The regiment was at Glencoe under General Penn-Symons when war broke out, and took part in the battle of Talana Hill (see 1st Leicestershire Regiment). In Sir G White's despatch of 2nd November 1899, para 12, he says: "Turning now to our cavalry, the 18th Hussars received orders at 5.40 am to get round the enemy's right flank and be ready to cut off his retreat. They were accompanied by a portion of the Mounted Infantry and a machine-gun. Making a wide turning movement, they gained the eastern side of Talana Hill. Here Lieutenant Colonel Moller halted with one squadron 18th Hussars, the machine-gun, and Mounted Infantry, sending his two other squadrons farther to the east. These two latter squadrons took part in the pursuit of the enemy, who retreated eastward; but Lieutenant Colonel Moller and the troops with him appear, so far as can be ascertained, to have pursued in a northerly direction, to have come in contact with superior forces not previously engaged, and to have been surrounded and forced to surrender while endeavouring to return to camp round the north of Impati Mountain". 'The Times' historian states that Colonel Moller arrived at a strong defensible position from which he could have stampeded the whole of the Boers' ponies and commanded their line of retreat; that Major Knox begged to be allowed to fire on the ponies, but instead was ordered to advance with two squadrons right in rear of the Boer position. This and the rest of Colonel Moller's proceedings are inexplicable. After exhibiting great rashness he seems to have become unnerved. Knox with difficulty got back with his two squadrons. The others were taken prisoners. In his evidence before the court of inquiry Colonel Moller gave his reasons for taking the road he did, but Captain Lonsdale of the 2nd Dublin Fusiliers Mounted Infantry stated that he had informed the colonel he was taking the wrong road. The officers and men were exonerated, but Lord Roberts did not allow Colonel Moller to rejoin his regiment.

At Lombard's Kop or Ladysmith, 30th October (see 1st Liverpool Regiment), the 5th Dragoon Guards and 18th Hussars were at first near the centre, and were sent under Brocklehurst to the assistance of General French, who with the other cavalry was being hard pressed on the right.

During the siege the remaining squadrons of the 18th Hussars were frequently engaged. On 8th December 1899 they and the 5th Lancers made a reconnaissance of which Sir George White spoke very favourably. On 6th January, in the great attack, they were sent to reinforce Waggon Hill.

One officer and 1 non-commissioned officer were mentioned in Sir George White's despatch of 23rd March 1900.

In the advance north from Ladysmith the 18th Hussars were brigaded with the 5th Lancers and 19th Hussars under Major General Brocklehurst. In his despatch of 19th June 1900, dealing with the taking of Botha's Pass and Alleman's Nek, General Buller said, "On the 10th the 18th Hussars gave valuable assistance and well-timed support to the South African Light Horse".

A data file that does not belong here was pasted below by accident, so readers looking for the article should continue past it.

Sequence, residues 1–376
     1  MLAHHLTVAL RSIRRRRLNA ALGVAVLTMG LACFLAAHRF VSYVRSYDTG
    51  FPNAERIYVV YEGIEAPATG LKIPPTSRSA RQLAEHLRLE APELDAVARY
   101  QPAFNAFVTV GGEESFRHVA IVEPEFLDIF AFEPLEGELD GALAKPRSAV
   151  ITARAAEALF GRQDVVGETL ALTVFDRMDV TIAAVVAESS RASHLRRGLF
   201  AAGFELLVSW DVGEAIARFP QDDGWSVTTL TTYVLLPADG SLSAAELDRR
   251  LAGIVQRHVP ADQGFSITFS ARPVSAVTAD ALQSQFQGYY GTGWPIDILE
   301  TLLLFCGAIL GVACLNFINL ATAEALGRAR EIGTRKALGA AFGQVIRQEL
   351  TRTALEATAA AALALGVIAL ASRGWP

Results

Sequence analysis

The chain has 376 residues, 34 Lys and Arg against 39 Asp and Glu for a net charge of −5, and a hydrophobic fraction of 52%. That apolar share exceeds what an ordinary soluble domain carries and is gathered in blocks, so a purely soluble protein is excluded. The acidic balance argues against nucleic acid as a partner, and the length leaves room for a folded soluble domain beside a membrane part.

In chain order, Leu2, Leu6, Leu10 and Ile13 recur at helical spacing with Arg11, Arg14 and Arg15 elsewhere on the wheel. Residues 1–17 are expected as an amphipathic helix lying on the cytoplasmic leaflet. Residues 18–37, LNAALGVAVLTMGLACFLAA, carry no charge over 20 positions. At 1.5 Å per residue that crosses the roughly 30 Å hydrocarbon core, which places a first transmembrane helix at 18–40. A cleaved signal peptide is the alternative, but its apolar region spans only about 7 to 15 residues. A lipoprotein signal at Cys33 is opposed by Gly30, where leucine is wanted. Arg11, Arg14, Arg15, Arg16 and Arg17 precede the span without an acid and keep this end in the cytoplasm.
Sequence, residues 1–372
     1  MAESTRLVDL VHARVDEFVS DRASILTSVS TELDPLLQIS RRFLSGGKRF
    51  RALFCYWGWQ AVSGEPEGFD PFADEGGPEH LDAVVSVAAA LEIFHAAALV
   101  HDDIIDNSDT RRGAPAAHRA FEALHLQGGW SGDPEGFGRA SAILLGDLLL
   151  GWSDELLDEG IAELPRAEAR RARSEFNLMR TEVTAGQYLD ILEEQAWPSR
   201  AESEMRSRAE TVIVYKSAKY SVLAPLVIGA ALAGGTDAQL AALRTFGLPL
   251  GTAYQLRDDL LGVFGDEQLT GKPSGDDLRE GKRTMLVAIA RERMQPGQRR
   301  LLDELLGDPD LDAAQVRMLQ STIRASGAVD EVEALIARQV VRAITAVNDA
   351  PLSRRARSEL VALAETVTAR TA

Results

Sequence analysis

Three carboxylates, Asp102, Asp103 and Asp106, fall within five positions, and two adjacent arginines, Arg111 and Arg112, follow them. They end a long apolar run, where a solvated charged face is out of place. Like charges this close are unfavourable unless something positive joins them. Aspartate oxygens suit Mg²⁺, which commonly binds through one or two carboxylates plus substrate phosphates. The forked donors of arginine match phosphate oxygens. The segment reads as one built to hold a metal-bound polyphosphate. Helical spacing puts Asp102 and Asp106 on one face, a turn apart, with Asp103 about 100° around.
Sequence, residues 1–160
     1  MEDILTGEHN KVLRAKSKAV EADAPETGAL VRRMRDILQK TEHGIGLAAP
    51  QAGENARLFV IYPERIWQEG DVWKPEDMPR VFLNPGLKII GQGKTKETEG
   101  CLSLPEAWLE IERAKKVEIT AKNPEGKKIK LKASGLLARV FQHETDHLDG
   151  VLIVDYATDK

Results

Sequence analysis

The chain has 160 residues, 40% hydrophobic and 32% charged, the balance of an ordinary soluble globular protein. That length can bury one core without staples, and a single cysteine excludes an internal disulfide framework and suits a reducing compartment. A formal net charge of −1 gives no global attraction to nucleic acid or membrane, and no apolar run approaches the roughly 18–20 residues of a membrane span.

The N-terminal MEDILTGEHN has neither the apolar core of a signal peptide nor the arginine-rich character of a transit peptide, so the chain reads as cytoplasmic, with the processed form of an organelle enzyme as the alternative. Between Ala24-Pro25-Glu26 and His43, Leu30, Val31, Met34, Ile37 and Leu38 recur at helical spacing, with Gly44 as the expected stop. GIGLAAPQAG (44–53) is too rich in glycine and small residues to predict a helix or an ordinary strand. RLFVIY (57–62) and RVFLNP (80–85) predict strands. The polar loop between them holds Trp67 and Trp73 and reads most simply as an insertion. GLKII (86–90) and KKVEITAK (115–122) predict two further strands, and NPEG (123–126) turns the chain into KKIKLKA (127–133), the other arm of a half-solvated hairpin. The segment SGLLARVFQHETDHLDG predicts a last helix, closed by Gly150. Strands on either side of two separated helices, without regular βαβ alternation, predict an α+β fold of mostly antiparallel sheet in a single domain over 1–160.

Brocklehurst's brigade accompanied General Buller to Lydenburg, and on the way had many engagements.

In that general's final despatch Colonel Knox and 5 other officers and 1 non-commissioned officer were mentioned, and in Lord Roberts' final despatch 10 officers and 9 non-commissioned officers and men gained mention.

One squadron of the 18th Hussars accompanied General French and Brigadier General Mahon to Barberton in September 1900.

In the second phase of the war the 18th and 19th Hussars were chiefly employed in the Eastern Transvaal.

In February, March, and April they took part in General French's great sweep to the most easterly corners of the Transvaal, in which practically all Botha's artillery was captured and his proposed re-invasion of Natal rendered an abortive intention. The regiment operated in June and ensuing months in a column under Colonel Campbell,—one of those under General Sir Bindon Blood,—which did further clearing up in the Eastern Transvaal. After Benson's disaster the 18th and 19th Hussars joined Allenby, and with him went in pursuit of the Boers who had attacked Benson. Towards the close of the campaign the regiment worked under General Bruce Hamilton, and contributed to his splendid results in the Transvaal. and Orange River Colony. Reference is made to the notes under the 19th Hussars.

Five officers and no fewer than 28 non-commissioned officers and men were mentioned by Lord Kitchener in despatches written during the war, and in the final despatch the names of 4 officers, the Sergeant Major, 2 non-commissioned officers, and a private were added.

Private H G Crandon gained the VC on 4th July 1901 for going back for a wounded comrade, giving him his own horse, and running after him 1100 yards on foot under heavy fire.

The regiment commenced its campaigning career with a disaster, but nothing could possibly have been finer or more valuable than its subsequent work.

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